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  • Writer's pictureWendy Rolon

In Memoriam

Updated: May 1

Healing our Loss and Honoring Our Dead


Hello Transforming Grief Family. I hope you are as well as can be in our world gone wobbly and that you continue to find new ways to expand and grow. I'm excited to announce a new workshop for us that will happen in September. Our last workshop was about self care. We talked about grief, the way it lives in the body, feeling like an uncomfortable boulder at first, and how we can soften it into wisdom and compassion if we turn toward it and tend to it. We practiced meditation, yoga, sound activation and also did some letter writing. These are tools that ground us in the present and quiet us down enough to connect with our feelings of loss, anxiety, overwhelm, anger, sadness, hopelessness and also hope. There’s so much emotion flailing around in all of us these days, with lots of tumult rocking the world. Self care is so important and it was our starting point… I’d like to continue along the same path, and expand on it.

In this next workshop, called In Memoriam, we'll journey on to the next step in the process, which is honoring our dead loved ones and connecting the wisdom we’ve earned through the grieving process back to them directly. The dead give us a tremendous gift when they leave us. Mary Oliver wrote a poem called The Uses of Sorrow, where she said:

(In my sleep I dreamed this poem)

Someone I loved once gave me

a box full of darkness.

It took me years to understand

that this, too, was a gift.

When we’re in the beginning stages of grief and the boulder is really heavy and uncomfortable, the whole idea that there’s a gift involved feels like fuck off. I didn't ask for a gift. Leave me alone. But when we begin to go through the process and feel into our hearts, and as our grief boulder softens, we start to see that suffering really does tenderize one’s life. We learn compassion and gratitude; we learn the value of slowing down, of quieting down; we learn that nothing is promised and that rather than struggling, we can simply pay attention, so we can begin to accept things the way they are without closing our hearts.

All this takes years to cultivate and we’re all in different places when it comes to our grief. Pema Chodron speaks about the wisdom of starting where you are, and regardless of where you are with your grief today, or this week, or this year, there are people we have lost that we can thank for nudging us down the path.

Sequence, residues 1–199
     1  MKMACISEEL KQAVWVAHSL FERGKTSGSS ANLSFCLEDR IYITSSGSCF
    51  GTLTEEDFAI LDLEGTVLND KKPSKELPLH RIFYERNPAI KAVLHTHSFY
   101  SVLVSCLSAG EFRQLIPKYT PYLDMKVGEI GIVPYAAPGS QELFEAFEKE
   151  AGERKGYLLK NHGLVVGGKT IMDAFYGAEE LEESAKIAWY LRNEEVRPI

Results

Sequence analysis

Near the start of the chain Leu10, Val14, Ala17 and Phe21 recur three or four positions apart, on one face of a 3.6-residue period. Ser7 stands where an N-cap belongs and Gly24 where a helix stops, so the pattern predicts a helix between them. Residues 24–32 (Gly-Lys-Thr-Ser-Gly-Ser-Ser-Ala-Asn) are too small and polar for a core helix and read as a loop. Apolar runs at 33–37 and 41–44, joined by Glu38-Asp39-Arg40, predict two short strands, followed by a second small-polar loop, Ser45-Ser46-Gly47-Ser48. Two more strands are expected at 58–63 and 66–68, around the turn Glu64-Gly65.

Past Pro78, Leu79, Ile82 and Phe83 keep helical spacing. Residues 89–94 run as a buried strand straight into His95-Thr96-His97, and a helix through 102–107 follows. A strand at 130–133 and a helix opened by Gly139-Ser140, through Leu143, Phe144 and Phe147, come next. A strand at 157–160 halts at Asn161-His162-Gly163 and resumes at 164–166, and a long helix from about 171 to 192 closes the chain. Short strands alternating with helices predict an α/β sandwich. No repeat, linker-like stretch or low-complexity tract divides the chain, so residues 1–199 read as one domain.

Ram Dass would talk about the path to enlightenment and he'd say that at some point you just want to “get on with it.” That’s how I feel about grief. We can sit on enormous amounts of grief for years and years and create a lot of misery for ourselves doing that. After a while you actually start to get sick of the agony and you say, Ok! Ok! What do I have to do to move through this? That’s when the work of becoming aware of our grief and tending to it starts. Maybe it’s forgiveness work, or it could be work that has to do with blame and shame or it could be stuff about abandonment or powerlessness or overwhelm. We all hold grief differently. But when we start to think about all these emotions and feel into them with gentle persistence, we begin to see how much we’ve already grown, and then we begin to understand how much more growth is possible, specifically because the grief process shepherds us through, if we allow it.

In Memoriam will focus on those we are grieving for, in order to honor and connect with these dead loved ones who provide us with such a rich opportunity to continue to grow as people. Our connection to them is so important because our relationship with a loved one doesn’t end when they die. We orbit around each other, bound by love and experience across time and space. The better we acknowledge and work with this basic truth, the more fully we can understand ourselves and the human experience.

What We'll Do - As always, we'll get grounded in our bodies with flow yoga and then we’ll do a special honoring guided meditation where you can connect with your departed loved one in a way that feels meaningful to you. Finally, we’ll come to our altars for some healing sound work, calling in our dead for the purpose of connecting with them, honoring them and thanking them for touching our lives so deeply. In this way we can find an appreciation for our own growth while nurturing the loving connection we have with the one who’s died. The growth you pursue in your beloved dead's name honors their life and yours. Let this be part of your shared legacy. We hope to see you at In Memoriam.

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